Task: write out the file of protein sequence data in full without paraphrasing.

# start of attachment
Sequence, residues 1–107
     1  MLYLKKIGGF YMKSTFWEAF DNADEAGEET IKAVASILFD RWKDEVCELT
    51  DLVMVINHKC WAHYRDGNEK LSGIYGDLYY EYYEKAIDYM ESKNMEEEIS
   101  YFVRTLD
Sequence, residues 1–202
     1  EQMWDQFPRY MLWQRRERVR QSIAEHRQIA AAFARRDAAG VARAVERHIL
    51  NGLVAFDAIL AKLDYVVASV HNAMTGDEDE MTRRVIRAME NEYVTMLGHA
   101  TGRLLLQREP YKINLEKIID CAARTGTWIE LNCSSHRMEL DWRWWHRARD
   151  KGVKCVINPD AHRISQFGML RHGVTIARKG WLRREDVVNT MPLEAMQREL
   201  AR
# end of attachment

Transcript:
Sequence, residues 1–107
     1  MLYLKKIGGF YMKSTFWEAF DNADEAGEET IKAVASILFD RWKDEVCELT
    51  DLVMVINHKC WAHYRDGNEK LSGIYGDLYY EYYEKAIDYM ESKNMEEEIS
   101  YFVRTLD
Sequence, residues 1–202
     1  EQMWDQFPRY MLWQRRERVR QSIAEHRQIA AAFARRDAAG VARAVERHIL
    51  NGLVAFDAIL AKLDYVVASV HNAMTGDEDE MTRRVIRAME NEYVTMLGHA
   101  TGRLLLQREP YKINLEKIID CAARTGTWIE LNCSSHRMEL DWRWWHRARD
   151  KGVKCVINPD AHRISQFGML RHGVTIARKG WLRREDVVNT MPLEAMQREL
   201  AR